Canadian Prime Minister Stephen Harper, speaking last week about the death of three-year-old Alan Kurdi, said he and his wife felt the pain of any parents when they looked at the photo of the body of that poor child lying on a Turkish beach.
“The first thing that crossed our mind was remembering our own son Ben at that age, running around like that.”
It was a feeling that any parent could understand, imagining what it would be like to see their own child lying lifeless, never again able to play, to laugh or to ask the kind of questions that remind us of the lost wonder of our own youth.
But Harper’s ability to empathize with the father of Alan Kurdi — who lost another son, Galib, and his wife Rehan that same day in that same sea — seems to begin and end with the death of a toddler. Our prime minister was unable to empathize with the pressures that drove a desperate family to flee their homeland, ravaged by a civil war that has killed 320,000 and wounded 1.5 million, according to the Syrian Observatory for Human Rights.
He could picture his own sadness if he had hypothetically lost a three-year-old child, but Harper could not imagine the choices he would have to make, as Abdullah Kurdi did, if 12 million of his fellow citizens were driven from their homes by both radical extremists and bombing by their own government.
(In fact, Harper doesn’t even acknowledge the role the Assad government has had in civilian deaths, preferring to focus blame on the Islamic State, which Canada is helping to bomb. According to the Syrian Network for Human Rights, however, the Assad government is responsible for three-quarters of the more than 10,000 civilian deaths in the first half of 2015 (vs. 1,100 for IS), a toll that includes 3,200 Alans, Galibs and Rehans.)
Harper — like many western leaders dragging their feet in response to the greatest refugee crisis since Germany and Japan tried to conquer the world and eliminate the Jews — is suffering from a disorder that I call empty empathy. It is marked by an inability to put yourself in another person’s shoes except in a strictly literal sense, where you try on their shoes and say, “Ouch, they aren’t very comfortable. They should get new shoes.”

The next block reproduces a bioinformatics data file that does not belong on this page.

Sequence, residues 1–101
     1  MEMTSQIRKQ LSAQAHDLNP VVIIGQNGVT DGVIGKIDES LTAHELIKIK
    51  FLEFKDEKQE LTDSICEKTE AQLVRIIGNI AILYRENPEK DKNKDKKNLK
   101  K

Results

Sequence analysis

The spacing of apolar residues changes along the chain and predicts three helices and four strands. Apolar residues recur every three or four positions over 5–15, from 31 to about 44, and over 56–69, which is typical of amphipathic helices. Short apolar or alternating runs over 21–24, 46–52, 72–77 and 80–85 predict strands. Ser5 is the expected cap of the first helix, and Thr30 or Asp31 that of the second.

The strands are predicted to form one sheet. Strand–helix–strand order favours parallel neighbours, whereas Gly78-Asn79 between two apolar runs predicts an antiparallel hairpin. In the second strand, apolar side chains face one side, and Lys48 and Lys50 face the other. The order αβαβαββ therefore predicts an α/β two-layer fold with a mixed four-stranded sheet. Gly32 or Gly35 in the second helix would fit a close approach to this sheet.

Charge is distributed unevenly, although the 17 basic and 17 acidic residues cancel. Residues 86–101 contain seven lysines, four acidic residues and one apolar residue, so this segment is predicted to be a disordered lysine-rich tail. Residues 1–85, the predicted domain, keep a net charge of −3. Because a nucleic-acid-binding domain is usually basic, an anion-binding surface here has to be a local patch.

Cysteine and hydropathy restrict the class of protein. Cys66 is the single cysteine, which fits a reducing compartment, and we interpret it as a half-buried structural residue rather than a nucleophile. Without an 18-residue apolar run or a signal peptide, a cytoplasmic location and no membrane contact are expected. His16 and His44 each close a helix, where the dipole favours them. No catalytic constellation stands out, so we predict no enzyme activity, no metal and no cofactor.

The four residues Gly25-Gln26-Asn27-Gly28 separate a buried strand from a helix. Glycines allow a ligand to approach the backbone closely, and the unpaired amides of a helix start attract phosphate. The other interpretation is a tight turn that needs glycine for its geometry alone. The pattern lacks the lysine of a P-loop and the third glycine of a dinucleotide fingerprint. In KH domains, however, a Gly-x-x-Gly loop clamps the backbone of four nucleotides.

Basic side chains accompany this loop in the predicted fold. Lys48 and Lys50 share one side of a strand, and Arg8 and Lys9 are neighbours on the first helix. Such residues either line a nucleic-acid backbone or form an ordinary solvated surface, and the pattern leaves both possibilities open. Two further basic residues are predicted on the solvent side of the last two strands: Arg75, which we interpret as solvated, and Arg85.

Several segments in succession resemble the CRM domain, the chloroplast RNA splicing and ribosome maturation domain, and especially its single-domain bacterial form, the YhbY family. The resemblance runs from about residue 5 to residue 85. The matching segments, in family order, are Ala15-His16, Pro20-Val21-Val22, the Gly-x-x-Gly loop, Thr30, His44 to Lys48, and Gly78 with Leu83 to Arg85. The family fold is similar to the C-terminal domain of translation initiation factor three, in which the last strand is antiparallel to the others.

So I’m going to try to help Harper and his followers with a scenario that might make the stakes a little clearer.
Imagine, Stephen, that a civil war forces half of the Canadian population to flee homes that are being bombed and cities that are being fought over by both the government in Ottawa — which kills indiscriminately in a desperate bid to preserve its power — and disparate rebel forces that will kill, maim, rape or enslave you and your family for no other reason than your religion. Even if you’re from the “right” religion, they will kill or enslave you for heresy if you don’t subscribe to their particular fundamentalist brand.
(Remember, Stephen, that you’re not the PM here, just an ordinary Joe.)
Faced with that grim reality, and the fact that both food and jobs are in extremely short supply, you decide to pack up your young family and join four million other Canadians — the equivalent of the entire population of British Columbia — who have left the country. You can only bring what you can carry and your ability to liquidate your assets is hampered both by a broken economic system and a market where your house or car, if you own one, fetches only a tiny fraction of its worth.
You manage to make it to the United States, which is so overwhelmed by Canadians fleeing the war that they have rounded up as many as they can and placed them in massive camps. Yours is on the Montana prairie. There are no schools, very little food and living conditions are disgusting. You are told to stay here until it’s safe to go home or, if you’re lucky, your refugee claim can be processed.